With the growth in popularity of physique competitions, the bikini division especially, there has been much discussion of reverse dieting and the necessary nutrition and training protocol in order to avoid the dreaded “post-competition rebound” after a bikini competition or bodybuilding show. The increase in awareness of the potential for metabolic damage and negative physical repercussions after the show has been instrumental in educating competitors on the proper methods of dieting post-competition; however, with the focus on the physical, most forget to consider the potential for equally as serious mental repercussions after their competition.
After spending months on a structured training and nutrition regiment, focused so consistently on the goal of stepping on stage, many competitors don’t take the time to consider what their life will be like after the competition. Once the goal of stepping on stage has been reached and prep is “over” there are a myriad of potential mental and psychological affects that if not prepared for or dealt with immediately can be damaging. As a competitor as well as coach, I’ve seen all ends of the spectrum, but unfortunately it’s rare for competitors to discuss the potential of the negative post-contest “mental” rebound, as they are embarrassed or feel weak. This is in no means meant to scare off new or potential competitors, but I do think it’s something important to consider when weighing the decision of whether competing is for you, as I truly believe it’s not for everyone.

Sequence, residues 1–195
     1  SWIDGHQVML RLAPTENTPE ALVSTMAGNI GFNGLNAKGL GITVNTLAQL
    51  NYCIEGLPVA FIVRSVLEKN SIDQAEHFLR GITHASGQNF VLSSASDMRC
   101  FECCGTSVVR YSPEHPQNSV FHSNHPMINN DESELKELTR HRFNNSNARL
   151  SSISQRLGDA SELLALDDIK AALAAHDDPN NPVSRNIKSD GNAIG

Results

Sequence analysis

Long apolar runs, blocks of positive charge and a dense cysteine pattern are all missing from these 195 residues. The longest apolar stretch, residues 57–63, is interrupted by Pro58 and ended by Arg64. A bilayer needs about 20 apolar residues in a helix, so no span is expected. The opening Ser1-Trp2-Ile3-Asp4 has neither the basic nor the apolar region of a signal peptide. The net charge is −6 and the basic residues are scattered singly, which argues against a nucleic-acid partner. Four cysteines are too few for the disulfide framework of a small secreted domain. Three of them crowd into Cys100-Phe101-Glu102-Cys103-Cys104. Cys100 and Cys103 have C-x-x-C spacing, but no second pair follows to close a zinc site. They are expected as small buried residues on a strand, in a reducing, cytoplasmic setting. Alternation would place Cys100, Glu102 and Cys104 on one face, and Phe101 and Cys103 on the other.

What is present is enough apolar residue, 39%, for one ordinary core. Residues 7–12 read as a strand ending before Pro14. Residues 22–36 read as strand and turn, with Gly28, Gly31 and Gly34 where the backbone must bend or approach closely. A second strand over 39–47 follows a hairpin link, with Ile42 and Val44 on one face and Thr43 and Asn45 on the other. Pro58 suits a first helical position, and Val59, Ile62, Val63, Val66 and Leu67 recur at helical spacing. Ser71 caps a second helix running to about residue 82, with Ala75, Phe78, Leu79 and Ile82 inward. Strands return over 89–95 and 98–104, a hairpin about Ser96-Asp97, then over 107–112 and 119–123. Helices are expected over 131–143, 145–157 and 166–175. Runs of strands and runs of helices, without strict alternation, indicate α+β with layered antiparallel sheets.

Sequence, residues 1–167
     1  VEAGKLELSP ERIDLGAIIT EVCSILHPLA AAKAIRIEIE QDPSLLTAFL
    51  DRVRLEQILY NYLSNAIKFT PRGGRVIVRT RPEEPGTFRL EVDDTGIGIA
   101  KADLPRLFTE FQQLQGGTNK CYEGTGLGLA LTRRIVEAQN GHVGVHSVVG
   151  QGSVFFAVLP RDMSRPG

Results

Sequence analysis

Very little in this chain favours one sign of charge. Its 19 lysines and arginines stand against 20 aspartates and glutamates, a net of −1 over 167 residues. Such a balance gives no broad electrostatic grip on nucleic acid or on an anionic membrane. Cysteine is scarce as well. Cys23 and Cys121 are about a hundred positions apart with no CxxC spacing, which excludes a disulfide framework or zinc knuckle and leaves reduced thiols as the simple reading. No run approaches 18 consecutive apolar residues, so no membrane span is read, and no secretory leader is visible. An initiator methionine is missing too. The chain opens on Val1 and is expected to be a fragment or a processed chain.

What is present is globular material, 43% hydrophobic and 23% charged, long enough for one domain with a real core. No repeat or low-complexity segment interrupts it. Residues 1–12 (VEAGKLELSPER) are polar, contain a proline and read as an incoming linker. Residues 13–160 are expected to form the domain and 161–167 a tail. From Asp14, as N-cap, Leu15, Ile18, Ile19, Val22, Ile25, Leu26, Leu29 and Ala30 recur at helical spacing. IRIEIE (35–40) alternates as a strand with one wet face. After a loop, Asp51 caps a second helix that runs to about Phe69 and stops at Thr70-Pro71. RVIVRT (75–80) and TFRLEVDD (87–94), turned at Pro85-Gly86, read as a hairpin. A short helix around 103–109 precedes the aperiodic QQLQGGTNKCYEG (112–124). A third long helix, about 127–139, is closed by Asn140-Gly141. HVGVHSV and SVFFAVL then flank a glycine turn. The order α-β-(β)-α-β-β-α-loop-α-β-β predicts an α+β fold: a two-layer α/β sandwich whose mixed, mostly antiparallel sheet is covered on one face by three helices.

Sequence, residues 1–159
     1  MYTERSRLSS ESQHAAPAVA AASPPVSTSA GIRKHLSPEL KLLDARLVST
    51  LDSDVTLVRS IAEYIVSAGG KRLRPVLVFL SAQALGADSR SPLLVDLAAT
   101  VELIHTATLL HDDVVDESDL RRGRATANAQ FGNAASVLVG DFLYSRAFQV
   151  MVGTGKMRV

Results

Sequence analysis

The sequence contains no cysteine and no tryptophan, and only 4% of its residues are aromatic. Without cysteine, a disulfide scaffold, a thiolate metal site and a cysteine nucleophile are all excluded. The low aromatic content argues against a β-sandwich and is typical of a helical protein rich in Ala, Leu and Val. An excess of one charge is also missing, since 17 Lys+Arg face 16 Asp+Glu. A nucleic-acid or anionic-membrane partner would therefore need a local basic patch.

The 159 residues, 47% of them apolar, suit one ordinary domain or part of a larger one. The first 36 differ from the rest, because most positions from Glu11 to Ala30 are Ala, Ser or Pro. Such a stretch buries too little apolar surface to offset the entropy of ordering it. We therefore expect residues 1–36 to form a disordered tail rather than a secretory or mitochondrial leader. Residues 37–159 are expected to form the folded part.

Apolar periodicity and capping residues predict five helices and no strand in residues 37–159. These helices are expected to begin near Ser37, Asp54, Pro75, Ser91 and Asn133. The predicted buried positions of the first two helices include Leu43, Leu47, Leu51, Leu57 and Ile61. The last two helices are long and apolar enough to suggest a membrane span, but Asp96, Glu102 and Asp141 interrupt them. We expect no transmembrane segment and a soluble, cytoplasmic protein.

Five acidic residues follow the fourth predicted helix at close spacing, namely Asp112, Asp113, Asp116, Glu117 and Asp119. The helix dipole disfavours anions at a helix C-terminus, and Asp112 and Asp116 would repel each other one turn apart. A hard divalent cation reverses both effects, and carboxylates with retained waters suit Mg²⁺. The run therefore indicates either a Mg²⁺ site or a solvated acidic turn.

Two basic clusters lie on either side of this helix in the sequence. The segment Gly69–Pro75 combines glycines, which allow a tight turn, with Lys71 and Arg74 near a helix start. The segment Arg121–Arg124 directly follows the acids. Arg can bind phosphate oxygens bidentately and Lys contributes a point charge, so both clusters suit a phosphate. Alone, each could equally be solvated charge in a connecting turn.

I’m sure you’ve heard this before, there’s no better way to take the wind of out your sales than to compare your successes to those of someone else and when entering into a sport that’s subjectively judge based on appearance this is something you are likely to do daily. For some I believe this comparison can be positive and motivating, I myself find that when comparing my physique and progress to that of other competitors it often acts as “fuel to my fire,” but for many this is not the case. With an endless sea of “selfies” and “progress pics” available on social media it can become extremely difficult to avoid the constant comparison game, often leading competitors to anxiety and potential self-image issues as they compare themselves to others.